Chapter 40 Summary

The rebels soon win another battle. This greatly annoys Colonel Hawkins, the British officer who is living in the Locktons’ library. Now that the Patriots have prisoners of their own, the British begin treating the rebel prisoners better. However, fires are still prohibited in the prison cells. This means that Curzon and his fellow prisoners still have to eat their meat raw.

Isabel keeps running food to Curzon and his cellmates when she can. On the morning of Master Lockton’s departure for London, she gets up extra early and drops a few bits of burnt bread and meat on Curzon’s windowsill. As she runs away, the fat guard calls out to her, asking what she brought today. He tells her that he will look after Curzon if she brings him some cake once in a while.

In passing, the fat guard mentions that the prison is hiring slaves to clean vomit and feces out of the cells. Payment for this awful task goes to the slaves’ masters. Isabel promises to tell the Locktons about the opportunity, but privately she thinks that it would not work out. Madam likes to keep Isabel close.

Sarah soon gives birth to a baby boy, whom she names George. People think that she is naming him for the English king, but she points out that the name also belongs to the general of the Patriot troops. Sarah came to New York to support her husband in fighting against the Patriots, but the rebels are doing better than anyone ever imagined. Perhaps when the war is over, her family will stay where they are. “A name like George is a good one on either side of the ocean,” she says.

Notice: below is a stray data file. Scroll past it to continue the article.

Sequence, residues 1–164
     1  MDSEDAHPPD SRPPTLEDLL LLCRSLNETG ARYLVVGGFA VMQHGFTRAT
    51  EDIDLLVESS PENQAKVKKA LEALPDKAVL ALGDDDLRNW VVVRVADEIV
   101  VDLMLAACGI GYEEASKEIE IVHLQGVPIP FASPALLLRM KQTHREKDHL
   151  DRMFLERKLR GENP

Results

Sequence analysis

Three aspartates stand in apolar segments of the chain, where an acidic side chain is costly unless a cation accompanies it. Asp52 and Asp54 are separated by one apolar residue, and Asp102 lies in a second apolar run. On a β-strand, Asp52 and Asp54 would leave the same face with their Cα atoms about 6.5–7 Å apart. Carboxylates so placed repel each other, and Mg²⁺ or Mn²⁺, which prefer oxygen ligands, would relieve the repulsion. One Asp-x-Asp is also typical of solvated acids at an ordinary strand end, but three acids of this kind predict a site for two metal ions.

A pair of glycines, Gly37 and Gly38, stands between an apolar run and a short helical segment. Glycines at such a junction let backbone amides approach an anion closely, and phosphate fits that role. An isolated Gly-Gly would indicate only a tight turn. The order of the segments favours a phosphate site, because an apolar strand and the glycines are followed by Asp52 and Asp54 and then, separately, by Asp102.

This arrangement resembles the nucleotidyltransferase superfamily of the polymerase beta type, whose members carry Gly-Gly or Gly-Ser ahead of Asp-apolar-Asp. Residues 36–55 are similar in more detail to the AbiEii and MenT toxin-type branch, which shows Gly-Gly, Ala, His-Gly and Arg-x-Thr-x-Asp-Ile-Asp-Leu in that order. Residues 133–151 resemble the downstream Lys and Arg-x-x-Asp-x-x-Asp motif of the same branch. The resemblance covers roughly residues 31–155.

One day, Lady Seymour quietly apologizes for failing to protect Isabel from the Locktons' mistreatment. The lady confesses that she once tried to buy Isabel, but that Madam refused to hear of it. Isabel is unable to muster the thankfulness that Lady Seymour seems to expect for this. Privately, Isabel thinks:

A body does not like being bought and sold like a basket of eggs, even if the person who cracks the shells is kind.

Meanwhile, the British officers worry about the Patriots’ progress in the war. Colonel Hawkins grows mean and surly, and he frequently storms out of the house to spend time at his army’s headquarters. On these occasions, Isabel sometimes gets a few moments to herself. Then she sits down in front of the fire and reads more of Common Sense.